Have you ever wondered where grass seed comes from or where it is grown? To help answer that question I had to travel to the Pacific Northwest State of Oregon to see where it all takes place. Situated in the Willamette Valley, Linn County known as “the Grass Seed Capital of the World” is home to over 1500 grass seed farms, covering over 500 000 acres of land, and yielding over 700 million pounds of grass seed annually! Amazingly, all but 2% of the grass seed produced here is shipped out of state and around the world. Linn county is truly the birth place of seed production, and it is with the ensured highest quality that continues to regard Oregon with the reputation as the worldwide leader in seed production.
Seed Research Facility – Oregon
The cool moist winter, and dry warm summer climate throughout the Willamette Valley make growing conditions very ideal for grass seed farmers and allows them to produce the highest quality of seed for worldwide distribution. Field after field, farmers are growing just about every cool season turf species including, Kentucky Bluegrass, Perennial Ryegrass, Creeping Bentgrass, Fine Fescue, Tall Fescue, as well as forage type grasses too.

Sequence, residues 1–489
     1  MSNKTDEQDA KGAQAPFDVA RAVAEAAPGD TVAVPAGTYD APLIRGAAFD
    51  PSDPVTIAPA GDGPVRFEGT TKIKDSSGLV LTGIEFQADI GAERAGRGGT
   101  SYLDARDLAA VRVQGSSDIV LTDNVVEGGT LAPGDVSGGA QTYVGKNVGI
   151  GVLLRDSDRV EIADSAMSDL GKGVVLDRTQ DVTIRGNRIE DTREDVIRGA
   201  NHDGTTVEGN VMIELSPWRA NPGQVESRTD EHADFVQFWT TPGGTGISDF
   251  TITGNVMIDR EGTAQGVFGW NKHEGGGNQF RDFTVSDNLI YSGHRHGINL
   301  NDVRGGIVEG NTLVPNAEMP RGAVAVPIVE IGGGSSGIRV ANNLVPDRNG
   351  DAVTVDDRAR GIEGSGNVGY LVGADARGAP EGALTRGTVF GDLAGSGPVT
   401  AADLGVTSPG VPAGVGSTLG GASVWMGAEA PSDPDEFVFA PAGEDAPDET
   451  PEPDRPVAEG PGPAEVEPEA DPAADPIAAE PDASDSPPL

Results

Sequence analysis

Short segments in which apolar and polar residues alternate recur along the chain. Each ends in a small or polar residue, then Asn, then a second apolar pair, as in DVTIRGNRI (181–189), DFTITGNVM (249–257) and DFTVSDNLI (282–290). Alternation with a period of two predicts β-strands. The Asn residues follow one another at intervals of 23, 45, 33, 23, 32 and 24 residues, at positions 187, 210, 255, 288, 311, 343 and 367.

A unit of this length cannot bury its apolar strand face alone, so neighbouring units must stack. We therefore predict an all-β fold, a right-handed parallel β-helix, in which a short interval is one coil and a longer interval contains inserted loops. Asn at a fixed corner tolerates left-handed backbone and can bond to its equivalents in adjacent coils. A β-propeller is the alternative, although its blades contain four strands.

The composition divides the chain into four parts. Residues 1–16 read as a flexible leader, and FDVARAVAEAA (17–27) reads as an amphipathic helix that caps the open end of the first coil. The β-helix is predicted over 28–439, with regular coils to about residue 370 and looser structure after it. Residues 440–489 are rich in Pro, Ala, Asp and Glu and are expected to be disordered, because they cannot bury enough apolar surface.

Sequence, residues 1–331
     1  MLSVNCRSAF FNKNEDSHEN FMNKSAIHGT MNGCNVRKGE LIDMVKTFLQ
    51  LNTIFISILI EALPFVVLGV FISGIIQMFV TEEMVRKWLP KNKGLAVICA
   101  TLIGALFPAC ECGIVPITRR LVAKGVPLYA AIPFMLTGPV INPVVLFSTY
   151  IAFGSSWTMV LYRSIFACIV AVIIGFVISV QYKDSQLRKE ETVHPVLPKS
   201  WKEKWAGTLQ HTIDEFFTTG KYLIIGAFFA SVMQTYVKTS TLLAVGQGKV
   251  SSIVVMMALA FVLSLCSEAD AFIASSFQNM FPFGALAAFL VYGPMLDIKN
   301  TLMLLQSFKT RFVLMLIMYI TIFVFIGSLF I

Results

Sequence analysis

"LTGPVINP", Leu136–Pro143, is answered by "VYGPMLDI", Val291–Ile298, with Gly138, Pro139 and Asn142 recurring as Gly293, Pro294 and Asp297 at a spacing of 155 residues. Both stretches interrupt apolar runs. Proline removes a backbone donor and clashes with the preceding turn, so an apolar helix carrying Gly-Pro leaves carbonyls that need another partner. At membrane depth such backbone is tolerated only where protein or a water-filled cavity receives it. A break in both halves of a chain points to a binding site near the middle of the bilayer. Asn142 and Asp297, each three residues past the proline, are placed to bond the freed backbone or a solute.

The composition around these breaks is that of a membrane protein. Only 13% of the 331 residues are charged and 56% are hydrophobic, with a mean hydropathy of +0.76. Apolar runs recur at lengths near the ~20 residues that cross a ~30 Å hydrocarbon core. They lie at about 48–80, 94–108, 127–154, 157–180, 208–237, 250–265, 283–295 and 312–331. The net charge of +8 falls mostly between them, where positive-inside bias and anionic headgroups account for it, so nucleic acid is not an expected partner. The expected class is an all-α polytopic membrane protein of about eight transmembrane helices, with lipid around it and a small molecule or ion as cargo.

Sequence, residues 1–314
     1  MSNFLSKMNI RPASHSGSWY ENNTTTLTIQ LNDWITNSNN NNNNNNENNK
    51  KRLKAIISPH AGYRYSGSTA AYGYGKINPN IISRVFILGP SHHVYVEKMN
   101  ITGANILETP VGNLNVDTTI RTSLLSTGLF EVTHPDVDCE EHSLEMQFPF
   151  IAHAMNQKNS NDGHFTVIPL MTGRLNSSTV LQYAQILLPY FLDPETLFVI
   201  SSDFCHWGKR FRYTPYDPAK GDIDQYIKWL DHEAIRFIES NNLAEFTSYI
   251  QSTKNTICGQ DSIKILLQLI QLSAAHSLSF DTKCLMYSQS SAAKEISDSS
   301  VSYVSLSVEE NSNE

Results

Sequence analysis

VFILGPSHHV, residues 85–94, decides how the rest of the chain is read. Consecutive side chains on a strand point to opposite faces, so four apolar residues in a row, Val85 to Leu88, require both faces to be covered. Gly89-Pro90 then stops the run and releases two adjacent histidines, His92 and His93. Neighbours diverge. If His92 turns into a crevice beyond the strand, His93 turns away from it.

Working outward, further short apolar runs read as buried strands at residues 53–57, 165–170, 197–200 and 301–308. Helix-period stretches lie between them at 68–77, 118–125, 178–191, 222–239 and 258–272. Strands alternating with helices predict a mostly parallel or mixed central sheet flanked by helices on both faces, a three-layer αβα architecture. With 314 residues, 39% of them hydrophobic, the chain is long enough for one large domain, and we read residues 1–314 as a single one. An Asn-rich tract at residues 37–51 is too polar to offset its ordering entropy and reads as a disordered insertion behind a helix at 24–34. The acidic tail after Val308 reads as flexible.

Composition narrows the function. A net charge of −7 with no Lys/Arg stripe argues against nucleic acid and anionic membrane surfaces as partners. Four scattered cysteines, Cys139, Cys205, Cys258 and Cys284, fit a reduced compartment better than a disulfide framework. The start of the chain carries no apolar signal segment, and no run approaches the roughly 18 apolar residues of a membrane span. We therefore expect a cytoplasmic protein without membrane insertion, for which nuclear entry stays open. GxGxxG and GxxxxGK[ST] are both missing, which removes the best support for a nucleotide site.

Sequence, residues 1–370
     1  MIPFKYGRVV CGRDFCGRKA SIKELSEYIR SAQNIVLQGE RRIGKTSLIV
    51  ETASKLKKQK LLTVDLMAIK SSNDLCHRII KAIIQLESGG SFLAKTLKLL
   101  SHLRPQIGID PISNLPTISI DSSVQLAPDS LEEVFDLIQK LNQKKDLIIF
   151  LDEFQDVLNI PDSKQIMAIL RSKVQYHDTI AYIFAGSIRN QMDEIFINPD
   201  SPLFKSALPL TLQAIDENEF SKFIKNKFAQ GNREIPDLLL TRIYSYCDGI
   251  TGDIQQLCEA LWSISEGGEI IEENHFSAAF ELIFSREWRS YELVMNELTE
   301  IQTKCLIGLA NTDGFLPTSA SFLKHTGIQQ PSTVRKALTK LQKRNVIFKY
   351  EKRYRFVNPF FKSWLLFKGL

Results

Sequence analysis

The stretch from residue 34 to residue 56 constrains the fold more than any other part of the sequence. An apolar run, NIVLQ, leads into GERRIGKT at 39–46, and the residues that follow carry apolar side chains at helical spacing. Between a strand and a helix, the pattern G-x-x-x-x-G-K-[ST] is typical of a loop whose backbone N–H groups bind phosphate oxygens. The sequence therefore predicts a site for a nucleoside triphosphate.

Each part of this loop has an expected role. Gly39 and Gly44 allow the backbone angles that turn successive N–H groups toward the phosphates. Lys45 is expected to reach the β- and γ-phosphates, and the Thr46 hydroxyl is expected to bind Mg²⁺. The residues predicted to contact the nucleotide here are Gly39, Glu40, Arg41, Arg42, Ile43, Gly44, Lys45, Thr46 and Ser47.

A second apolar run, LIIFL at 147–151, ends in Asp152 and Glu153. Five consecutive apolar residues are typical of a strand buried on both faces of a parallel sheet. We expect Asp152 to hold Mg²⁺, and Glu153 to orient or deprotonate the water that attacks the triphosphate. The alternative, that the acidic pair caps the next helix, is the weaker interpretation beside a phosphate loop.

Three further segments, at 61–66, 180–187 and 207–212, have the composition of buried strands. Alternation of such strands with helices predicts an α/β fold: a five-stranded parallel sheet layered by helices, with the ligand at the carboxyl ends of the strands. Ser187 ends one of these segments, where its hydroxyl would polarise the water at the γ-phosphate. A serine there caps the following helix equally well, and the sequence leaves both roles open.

New Varieties of Turf in Greenhouse
I had the opportunity to visit the Seed Research of Oregon facility and learn from the members of their professional team and research scientists just how the seed production works from start to finish. As you can imagine this is no simple process and takes years of research and development to bring a final product to market. Some of these important steps include carefully selecting plant varieties, breeding the plants, monitoring and evaluating their performance, commercializing and moving into field production, harvesting the crop, screening and cleaning the seed, sampling for purity analysis, until the product is ready to be shipped and sold.
Turf Plots at the Research Facility
Many industries including golf courses, lawn care operators, landscapers, nursery sod growers, and sports field managers are all faced with tougher and tougher challenges each day to maintain the highest quality of turf. As seed research and development continues, selecting the species and varieties that have been specially designed to help combat the challenges of drought stress tolerance, insect, and disease resistance, require less fertility, can tolerate effluent water quality, and germinate quicker are just a handful of the qualities that will help turf managers maintain and grow healthier turf.